On road travel is classified as any vehicle travel on a public road. Ordinarily this includes all national highways, state and territory highways and main roads and local streets which are constructed, managed and maintained by state and territory governments.

“Off-road” Travel

When vehicles travel on roads and areas which are not classified as public roads, these can include mine site access roads, forestry roads, privately constructed and maintained roads, farm sites, mine sites and other privately-owned land. Please note: travel on unsealed roads is NOT automatically off-road travel.

Public Roads

Public roads for FTC purposes are those that are:

  • opened, declared or dedicated as a public road statute;
  • vested in a Government authority having statutory responsibility for the control and management of public road infrastructure; or
  • dedicated as a public road at common law.

State Roads

State Roads for FTC purposes are those that are:

  • a road constructed or maintained under a statutory regime by a public authority that is not an authority responsible for the provision of road transport infrastructure, in circumstances where the statutory regime provides that public use of, or access to, the road is subordinate to the primary objects of the statutory regime;
  • a forestry road; or
  • a road that has not been dedicated as a public road over privately-owned land.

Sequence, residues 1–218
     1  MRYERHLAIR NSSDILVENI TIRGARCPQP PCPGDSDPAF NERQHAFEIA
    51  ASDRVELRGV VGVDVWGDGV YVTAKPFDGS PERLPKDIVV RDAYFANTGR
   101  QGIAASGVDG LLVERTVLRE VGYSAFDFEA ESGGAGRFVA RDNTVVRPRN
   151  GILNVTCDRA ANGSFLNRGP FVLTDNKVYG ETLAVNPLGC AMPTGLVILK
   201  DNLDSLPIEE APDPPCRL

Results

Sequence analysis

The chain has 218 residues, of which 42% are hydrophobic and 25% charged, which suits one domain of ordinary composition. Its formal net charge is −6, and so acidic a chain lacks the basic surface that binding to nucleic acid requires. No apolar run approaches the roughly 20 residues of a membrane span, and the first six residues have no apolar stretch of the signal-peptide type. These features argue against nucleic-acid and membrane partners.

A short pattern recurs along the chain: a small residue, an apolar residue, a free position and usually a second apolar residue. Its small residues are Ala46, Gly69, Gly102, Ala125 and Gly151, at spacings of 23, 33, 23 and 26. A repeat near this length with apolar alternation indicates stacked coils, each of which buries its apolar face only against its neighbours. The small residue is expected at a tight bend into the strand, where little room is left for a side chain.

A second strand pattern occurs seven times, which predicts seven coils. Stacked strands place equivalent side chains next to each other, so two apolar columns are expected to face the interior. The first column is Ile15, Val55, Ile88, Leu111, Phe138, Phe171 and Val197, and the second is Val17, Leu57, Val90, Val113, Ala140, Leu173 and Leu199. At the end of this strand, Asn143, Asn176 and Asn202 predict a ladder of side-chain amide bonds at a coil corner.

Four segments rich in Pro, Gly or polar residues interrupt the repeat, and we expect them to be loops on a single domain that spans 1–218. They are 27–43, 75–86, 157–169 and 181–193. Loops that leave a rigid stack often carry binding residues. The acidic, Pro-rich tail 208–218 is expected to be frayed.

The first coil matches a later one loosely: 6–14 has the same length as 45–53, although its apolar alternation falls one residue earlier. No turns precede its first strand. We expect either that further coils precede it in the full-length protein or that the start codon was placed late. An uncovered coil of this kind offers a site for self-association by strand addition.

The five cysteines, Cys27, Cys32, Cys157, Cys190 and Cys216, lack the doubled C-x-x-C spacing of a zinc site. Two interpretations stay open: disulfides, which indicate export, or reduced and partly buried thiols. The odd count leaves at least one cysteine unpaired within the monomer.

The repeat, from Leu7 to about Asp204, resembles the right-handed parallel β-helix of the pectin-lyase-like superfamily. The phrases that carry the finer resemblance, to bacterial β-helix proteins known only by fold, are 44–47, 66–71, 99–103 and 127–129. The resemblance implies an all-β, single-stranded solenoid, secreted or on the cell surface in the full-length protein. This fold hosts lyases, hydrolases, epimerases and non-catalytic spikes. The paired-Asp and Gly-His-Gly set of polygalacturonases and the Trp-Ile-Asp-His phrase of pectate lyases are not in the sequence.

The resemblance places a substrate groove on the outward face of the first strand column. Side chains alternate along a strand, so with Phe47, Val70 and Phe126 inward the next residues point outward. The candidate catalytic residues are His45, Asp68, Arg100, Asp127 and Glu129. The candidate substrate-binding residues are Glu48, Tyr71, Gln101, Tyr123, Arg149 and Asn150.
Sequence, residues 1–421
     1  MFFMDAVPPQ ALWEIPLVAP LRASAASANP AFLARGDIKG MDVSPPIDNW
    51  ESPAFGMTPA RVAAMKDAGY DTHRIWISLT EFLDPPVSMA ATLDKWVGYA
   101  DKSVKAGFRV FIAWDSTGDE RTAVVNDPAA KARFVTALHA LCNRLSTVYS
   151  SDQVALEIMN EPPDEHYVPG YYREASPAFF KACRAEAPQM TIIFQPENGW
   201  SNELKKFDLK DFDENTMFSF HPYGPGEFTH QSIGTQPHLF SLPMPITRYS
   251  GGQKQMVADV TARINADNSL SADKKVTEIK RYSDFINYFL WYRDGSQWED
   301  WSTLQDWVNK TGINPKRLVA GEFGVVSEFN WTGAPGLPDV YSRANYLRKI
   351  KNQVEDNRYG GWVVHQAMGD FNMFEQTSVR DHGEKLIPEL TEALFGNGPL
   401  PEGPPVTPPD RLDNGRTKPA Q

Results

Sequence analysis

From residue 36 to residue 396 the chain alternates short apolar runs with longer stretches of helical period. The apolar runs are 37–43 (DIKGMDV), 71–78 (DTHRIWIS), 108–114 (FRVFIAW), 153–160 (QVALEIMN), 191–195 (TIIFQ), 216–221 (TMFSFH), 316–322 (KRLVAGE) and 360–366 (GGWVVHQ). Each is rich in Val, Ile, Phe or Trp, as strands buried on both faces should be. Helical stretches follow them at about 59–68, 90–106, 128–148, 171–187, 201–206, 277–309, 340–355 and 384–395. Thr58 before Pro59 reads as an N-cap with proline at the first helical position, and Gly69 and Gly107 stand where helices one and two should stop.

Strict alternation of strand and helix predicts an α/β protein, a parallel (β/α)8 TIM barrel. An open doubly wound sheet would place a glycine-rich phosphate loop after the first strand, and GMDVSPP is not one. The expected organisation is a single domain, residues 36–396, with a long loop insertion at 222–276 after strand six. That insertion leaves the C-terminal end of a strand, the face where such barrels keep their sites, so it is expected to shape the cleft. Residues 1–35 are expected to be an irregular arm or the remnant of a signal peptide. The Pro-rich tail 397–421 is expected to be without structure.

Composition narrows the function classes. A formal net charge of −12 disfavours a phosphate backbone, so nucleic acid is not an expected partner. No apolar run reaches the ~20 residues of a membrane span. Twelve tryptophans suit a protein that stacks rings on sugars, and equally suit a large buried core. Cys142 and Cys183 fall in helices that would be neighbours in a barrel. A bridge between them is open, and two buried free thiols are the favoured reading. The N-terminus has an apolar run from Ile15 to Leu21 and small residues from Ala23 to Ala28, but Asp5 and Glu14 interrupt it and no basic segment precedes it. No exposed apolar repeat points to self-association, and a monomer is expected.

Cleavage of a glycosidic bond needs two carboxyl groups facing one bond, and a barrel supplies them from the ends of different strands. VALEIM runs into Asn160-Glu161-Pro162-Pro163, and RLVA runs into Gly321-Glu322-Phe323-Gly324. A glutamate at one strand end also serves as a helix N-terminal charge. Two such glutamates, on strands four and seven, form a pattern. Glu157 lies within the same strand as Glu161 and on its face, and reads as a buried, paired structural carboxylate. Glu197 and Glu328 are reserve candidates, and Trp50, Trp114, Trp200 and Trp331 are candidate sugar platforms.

Business Activity Statement (BAS)

A form submitted by Australian businesses to the Australian Taxation Office (ATO) that reports on taxation obligations including fuel tax.

Road User Charge (RUC)

The Road User Charge (RUC) is an amount determined by the National Transport Commission to recover heavy vehicles’ share of costs of providing and maintaining the public road network. It is subtracted from the full rate of excise to determine the “road transport” rate of FTC entitlement which applies to the portion of fuel used in heavy vehicles for travel on public roads. As at 1 July 2017, the RUC was set at 25.8 cents per litre.

FTC Manager

A solution developed by Teletrac Navman that allows users to track and record their fuel use to maximise their Fuel Tax Credit rebate. It works with a high-definition GPS telematics device fitted to your vehicles that collects data via a cellular network and automatically and accurately calculates FTC entitlements for fuel used in off-road travel, off-road idle and auxiliary fuel use.

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Centreline Geotunnel

A method used by FTC Manager to determine when vehicles are travelling on and off public roads. The centreline geotunnel is created 60 metres either side of the centreline of the road (i.e. 120m geotunnel) and everything within the tunnel is considered “on-road” for FTC purposes. This allows FTC Manager to have a conservative starting point for calculations as the vast majority of Australia’s road network is under 50 metres wide.

Geofences or Map Road Adjustments

A method used by FTC Manager to determine when vehicles are travelling on and off public roads. Geofences can be set as either on-road or off-road areas and override the centreline geotunnel method to provide a more accurate and precise calculation of on- and off-road travel distances.